History has shown that vicious rallies do occur in the context of bear markets and, as such, the mid-March breakout above a trendline connecting lower highs has an uncertainty to its sustainability, explains Todd Salamone, senior V.P. of research at Schaeffer's Investment Research.

Admittedly, the SPX has not officially entered a bear market. But the fact that the SPX hasn’t achieved a new high in months, in addition to the Fed pivoting to a more hawkish strategy, and the SPX’s break below a long-term channel, has certainly increased the possibility of a prolonged period of lower stock prices, as investors adjust to higher interest rates, and possibly slower economic growth.

The close below 4,375 was followed by an immediate retest of the February and March lows; but a bounce from this support area failed to materialize into anything substantial. In fact, the SPX closed out April trading in negative territory year-over-year for the first time since May 2020.


Amid the carnage, the Nasdaq-100 Index closed at its 2022 lows and was driven south of the 13,000-millennium mark. Moreover, for the first time since December 2018, it experienced a monthly close below its 24-month moving average, which qualifies this index being in a bear market by our definition. It is also 22% below its November closing high, meeting the consensus definition of bear market.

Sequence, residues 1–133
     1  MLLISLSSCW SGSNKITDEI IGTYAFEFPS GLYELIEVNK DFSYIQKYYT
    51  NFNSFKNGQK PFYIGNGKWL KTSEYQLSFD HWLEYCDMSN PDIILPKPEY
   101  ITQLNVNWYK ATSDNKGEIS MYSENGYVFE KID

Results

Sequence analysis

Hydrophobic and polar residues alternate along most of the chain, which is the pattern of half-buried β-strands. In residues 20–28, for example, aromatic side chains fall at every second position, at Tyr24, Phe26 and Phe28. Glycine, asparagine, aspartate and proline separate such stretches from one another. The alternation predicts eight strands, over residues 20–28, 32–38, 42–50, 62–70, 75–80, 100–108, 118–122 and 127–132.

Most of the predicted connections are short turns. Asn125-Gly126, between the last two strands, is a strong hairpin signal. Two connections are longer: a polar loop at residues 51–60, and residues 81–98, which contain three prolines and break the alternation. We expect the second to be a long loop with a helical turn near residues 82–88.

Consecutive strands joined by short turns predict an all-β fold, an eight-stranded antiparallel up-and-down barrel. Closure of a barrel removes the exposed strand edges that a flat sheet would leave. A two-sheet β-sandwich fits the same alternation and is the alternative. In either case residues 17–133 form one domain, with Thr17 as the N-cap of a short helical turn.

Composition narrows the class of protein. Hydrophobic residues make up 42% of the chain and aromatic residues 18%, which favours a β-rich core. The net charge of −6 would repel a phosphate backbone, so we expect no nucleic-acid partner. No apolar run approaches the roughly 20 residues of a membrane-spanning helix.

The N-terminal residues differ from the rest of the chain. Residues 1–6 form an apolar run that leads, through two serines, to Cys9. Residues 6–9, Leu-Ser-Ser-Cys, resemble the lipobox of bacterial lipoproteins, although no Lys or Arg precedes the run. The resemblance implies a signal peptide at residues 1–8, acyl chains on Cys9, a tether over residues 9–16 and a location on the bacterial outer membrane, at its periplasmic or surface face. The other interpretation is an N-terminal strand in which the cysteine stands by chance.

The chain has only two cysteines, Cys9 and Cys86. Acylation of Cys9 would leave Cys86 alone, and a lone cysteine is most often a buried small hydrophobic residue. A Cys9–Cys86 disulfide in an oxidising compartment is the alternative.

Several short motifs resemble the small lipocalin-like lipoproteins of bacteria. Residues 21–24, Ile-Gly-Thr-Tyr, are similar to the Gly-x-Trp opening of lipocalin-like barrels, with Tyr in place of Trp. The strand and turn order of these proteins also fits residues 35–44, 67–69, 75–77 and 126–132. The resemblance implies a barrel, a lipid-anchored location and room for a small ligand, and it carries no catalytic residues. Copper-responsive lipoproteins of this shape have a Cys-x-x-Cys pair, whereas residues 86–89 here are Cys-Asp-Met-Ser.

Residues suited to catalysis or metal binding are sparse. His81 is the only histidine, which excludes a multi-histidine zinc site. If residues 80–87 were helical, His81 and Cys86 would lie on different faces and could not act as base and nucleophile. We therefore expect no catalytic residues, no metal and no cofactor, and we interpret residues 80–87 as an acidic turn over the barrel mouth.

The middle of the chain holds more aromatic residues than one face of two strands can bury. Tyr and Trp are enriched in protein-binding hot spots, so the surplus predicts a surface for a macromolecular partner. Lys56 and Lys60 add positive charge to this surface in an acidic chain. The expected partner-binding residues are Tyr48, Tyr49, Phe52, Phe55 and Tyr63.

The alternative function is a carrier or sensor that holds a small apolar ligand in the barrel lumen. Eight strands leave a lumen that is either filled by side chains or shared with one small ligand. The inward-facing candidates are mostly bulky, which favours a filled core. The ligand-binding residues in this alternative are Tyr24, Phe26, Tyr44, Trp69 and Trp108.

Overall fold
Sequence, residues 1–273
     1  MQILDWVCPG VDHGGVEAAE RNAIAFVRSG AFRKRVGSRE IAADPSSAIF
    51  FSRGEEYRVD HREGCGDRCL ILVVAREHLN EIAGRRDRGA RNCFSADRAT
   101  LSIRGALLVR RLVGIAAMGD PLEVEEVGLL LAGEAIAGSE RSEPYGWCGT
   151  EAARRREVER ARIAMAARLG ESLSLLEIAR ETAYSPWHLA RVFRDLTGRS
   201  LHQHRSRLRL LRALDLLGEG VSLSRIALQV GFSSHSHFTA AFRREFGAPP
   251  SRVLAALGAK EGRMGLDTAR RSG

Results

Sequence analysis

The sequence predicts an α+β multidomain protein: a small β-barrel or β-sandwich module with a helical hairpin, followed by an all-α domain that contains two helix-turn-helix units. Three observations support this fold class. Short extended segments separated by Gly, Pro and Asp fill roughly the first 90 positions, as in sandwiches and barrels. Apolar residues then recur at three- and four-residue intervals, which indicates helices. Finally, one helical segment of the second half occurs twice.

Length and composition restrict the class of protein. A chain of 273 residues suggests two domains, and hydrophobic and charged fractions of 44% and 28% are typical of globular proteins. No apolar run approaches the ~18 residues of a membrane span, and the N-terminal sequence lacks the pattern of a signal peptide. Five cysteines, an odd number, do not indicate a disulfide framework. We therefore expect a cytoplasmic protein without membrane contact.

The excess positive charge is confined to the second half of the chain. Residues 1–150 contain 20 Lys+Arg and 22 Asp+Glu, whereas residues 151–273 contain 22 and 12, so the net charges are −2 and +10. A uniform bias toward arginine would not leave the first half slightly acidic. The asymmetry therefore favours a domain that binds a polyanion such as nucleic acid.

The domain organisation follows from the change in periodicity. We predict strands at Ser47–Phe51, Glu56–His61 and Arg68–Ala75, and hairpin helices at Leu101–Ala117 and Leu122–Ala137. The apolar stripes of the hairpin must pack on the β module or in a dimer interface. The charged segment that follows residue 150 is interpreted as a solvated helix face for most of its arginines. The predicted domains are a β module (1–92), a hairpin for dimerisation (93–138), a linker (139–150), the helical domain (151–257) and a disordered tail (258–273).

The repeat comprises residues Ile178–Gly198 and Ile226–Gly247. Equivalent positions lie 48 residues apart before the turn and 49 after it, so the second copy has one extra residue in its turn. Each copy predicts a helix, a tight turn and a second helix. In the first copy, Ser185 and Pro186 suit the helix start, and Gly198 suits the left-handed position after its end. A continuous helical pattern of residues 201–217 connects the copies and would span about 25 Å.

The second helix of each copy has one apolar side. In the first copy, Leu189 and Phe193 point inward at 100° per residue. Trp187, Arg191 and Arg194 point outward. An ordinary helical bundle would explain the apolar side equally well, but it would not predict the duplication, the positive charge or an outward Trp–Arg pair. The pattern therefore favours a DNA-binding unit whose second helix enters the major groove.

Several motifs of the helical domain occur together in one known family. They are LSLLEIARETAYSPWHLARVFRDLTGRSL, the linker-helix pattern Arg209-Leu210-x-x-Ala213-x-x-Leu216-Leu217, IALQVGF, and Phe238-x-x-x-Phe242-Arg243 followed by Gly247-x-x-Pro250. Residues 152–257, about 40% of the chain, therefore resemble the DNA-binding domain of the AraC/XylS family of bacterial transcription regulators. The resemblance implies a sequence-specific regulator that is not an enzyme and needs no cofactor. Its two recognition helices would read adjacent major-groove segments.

Short-term sentiment measures and a pickup in VIX put volume indicate we could see more short-term bursts higher, though moves above resistance levels may prove fleeting.

Bulls beware, particularly long-term bulls, that unless the SPX moves back above 4,375 in the weeks ahead, rallies may be short lived, perhaps even weaker in magnitude than the bullish action from mid-to-late March. As such, they should be used to lighten up on bullish positions or to hedge long positions, if you haven’t done so already.

Not only does 4,375 represent the level from which the SPX broke out above a channel connecting lower lows and lower highs from January through February, note that a new trendline connecting lower highs from late-March into mid-April has developed.

In mid-May, this trendline will be sitting at 4,375, and at the beginning of June, this trendline will be sitting at 4,300. As such, a move north of 4,375 can only happen if the 4,300-century mark is taken out, which not only proved to be resistance into this week, but could also be a formidable resistance level a month from now if retested again.

The SPX is well above its 24-month moving average at the 4,000-millennium level. As you can see, this long-term moving average has supported the SPX on multiple occasions.

But you should also note that when the SPX breaks below its 24-month trendline, the 36-month moving average, currently situated at 3,650, has come into play and/or a trendline connecting higher lows since the 2007-2009 bear market trough. I am making these observations so that you can continue to assess risk-reward in the coming weeks.


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